Is a 15-Year Loan Smarter than a 30-Year Loan?

There is a general assumption that a 15-year loan is smarter than a 30-year loan. The radio, television, and Facebook will all tell you how much money you will save with a 15-year loan. The funny thing is that it is the lenders and banks that are promoting the 15-year mortgage. If a 15-year mortgage really is the smarter loan and saves so much money, why are the banks trying to get you to use it? In fact, the United States is one of the only countries that has a 30-year loan. It was created with support from the government to help people afford houses. Banks would not offer a 30-year loan on their own because they do not make as much money with a 30-year loan even though it has a higher interest rate than a 15-year loan. I don’t think it is smart for most people to get a 15-year loan instead of a 30-year loan. A 30-year loan has lower payments, lower risk, and may be a better financial decision.

What are the differences between a 15- and 30-year mortgage?

The basic difference between a 15-year mortgage and a 30-year mortgage is how long it takes to pay back the loan. Mortgage payments are a mixture of interest and principal. The payment on a 15-year loan is much higher than a 30-year loan because the principal balance of the loan is being paid off 15 years sooner. A $200,000, 15-year loan with a 5% interest rate would have a $500 per month higher payment than a 30-year loan.

There is a lower interest rate on 15-year mortgages, so this is what the two payments would look like on both loans:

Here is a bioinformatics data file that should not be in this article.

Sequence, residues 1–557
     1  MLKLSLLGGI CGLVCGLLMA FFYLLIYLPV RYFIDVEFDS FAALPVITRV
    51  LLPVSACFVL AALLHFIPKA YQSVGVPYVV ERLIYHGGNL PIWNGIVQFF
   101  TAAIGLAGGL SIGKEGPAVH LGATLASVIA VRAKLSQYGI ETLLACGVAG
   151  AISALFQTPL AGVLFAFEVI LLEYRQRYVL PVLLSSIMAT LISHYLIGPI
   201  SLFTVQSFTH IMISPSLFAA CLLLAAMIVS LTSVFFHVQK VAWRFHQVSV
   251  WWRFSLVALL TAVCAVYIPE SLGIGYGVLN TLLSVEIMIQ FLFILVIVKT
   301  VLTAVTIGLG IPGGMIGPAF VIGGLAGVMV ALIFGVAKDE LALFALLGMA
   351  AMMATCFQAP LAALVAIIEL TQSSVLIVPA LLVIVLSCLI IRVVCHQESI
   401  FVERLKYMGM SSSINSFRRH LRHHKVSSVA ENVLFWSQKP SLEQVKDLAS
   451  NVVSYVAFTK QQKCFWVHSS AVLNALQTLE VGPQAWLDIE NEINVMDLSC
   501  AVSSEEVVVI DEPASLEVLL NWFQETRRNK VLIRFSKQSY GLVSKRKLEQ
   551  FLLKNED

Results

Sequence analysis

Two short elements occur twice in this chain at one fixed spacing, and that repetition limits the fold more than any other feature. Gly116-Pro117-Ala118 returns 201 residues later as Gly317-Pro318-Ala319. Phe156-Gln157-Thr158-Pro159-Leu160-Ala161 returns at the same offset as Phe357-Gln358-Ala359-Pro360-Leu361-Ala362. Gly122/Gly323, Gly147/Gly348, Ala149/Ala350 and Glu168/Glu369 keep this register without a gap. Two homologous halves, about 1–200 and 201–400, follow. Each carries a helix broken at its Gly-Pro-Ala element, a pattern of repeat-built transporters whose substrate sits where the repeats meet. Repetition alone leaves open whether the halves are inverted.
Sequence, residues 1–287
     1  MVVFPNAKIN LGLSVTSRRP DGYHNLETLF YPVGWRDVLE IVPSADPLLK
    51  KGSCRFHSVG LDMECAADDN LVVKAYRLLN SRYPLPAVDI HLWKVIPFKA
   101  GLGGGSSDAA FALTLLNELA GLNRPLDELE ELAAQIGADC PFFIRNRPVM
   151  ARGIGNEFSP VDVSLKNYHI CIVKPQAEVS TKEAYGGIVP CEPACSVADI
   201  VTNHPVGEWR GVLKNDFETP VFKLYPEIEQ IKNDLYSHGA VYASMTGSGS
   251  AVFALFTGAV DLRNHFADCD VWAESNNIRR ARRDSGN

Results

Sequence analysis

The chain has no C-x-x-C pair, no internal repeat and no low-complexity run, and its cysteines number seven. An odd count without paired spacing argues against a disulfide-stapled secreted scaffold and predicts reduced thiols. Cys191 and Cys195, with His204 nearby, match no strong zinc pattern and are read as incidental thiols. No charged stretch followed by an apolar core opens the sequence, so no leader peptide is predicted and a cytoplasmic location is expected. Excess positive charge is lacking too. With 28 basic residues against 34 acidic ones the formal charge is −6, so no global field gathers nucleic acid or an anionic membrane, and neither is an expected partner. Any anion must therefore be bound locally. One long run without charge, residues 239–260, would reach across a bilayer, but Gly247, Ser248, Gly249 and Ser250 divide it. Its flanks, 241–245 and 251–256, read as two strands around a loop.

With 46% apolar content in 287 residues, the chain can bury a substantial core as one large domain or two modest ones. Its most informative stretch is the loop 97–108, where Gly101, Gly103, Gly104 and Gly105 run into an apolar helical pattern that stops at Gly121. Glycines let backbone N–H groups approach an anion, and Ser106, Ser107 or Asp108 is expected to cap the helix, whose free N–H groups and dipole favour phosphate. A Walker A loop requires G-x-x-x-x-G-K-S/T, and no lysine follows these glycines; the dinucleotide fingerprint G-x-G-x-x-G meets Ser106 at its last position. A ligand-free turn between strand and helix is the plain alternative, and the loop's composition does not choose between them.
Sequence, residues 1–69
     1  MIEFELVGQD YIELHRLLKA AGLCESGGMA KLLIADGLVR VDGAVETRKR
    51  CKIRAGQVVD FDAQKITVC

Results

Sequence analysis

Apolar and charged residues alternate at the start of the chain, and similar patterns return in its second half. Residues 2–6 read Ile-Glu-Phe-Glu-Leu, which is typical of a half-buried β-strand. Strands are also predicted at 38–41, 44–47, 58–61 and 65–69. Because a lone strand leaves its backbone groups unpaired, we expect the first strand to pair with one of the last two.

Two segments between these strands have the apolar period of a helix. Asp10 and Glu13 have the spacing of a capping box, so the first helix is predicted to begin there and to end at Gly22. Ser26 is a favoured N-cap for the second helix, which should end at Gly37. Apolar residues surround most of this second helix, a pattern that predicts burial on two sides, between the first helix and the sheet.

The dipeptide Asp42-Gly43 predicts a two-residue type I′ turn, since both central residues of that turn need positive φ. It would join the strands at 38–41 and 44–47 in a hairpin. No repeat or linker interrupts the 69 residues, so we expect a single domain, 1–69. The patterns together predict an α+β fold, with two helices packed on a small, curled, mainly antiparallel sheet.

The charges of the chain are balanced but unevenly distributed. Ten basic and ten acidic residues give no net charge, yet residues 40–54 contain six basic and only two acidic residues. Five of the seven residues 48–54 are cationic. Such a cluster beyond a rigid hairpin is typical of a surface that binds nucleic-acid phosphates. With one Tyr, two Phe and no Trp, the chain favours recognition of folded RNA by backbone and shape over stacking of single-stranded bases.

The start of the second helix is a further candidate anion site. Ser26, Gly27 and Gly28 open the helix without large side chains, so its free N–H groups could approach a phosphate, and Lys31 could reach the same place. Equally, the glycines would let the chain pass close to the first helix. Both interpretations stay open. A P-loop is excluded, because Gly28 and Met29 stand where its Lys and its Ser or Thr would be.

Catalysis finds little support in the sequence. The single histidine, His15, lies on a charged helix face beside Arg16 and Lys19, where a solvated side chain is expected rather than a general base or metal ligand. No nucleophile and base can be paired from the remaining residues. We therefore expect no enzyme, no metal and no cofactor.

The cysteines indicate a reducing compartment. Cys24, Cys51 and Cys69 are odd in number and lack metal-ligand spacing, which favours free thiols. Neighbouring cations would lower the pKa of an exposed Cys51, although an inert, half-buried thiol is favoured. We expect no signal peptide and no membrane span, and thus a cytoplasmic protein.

• Payment:  $1,073.64
  • Principal: $240.31
  • Interest:   $833.33


  • Payment: $1,529.99
  • Principal: $779.99
  • Interest:   $750

This assumes the 15-year loan has a .5% lower interest rate than the 30-year loan. You are paying more interest with the 30-year loan but also a much higher payment.

How does a mortgage work?

How much money do you save with a 15-year mortgage over a 30-year mortgage?

The interest rate is lower on a 15-year mortgage, and you are paying off the loan faster, which means you pay much less interest. The numbers below show the interest paid on the entire loan.


  • Total interest paid: $186,511.57


  • Total interest paid: $75,397.58

It seems smart to get a 15-year loan and save over $100,000 in interest, right? I like to look at all the money coming in and out, not just the money I am saving on the interest. Just like how much I pay in taxes to the government is not the most important thing to me, the most important thing is how much money I have left after paying taxes. When you get a 15-year loan, you save a ton in interest, but you also pay a ton more money into the loan. You would be paying $456.35 more every month because of the higher payment, which is $5,476.20 per year or $82,143 over 15 years.

How does an adjustable rate mortgage work?

Why I think it is unwise for most people to get a 15-year mortgage instead of a 30-year mortgage

A 15-year mortgage is like a forced saving plan. It forces you to pay a higher payment, which creates a savings account with your house. The problem I have with this plan is that a house is a terrible place to have a savings account. It is hard to get your money out of your house if you ever need it. Houses will go up in value, but they will go up or down no matter how much of the loan you have paid off. I think people are much better off saving the money and investing it.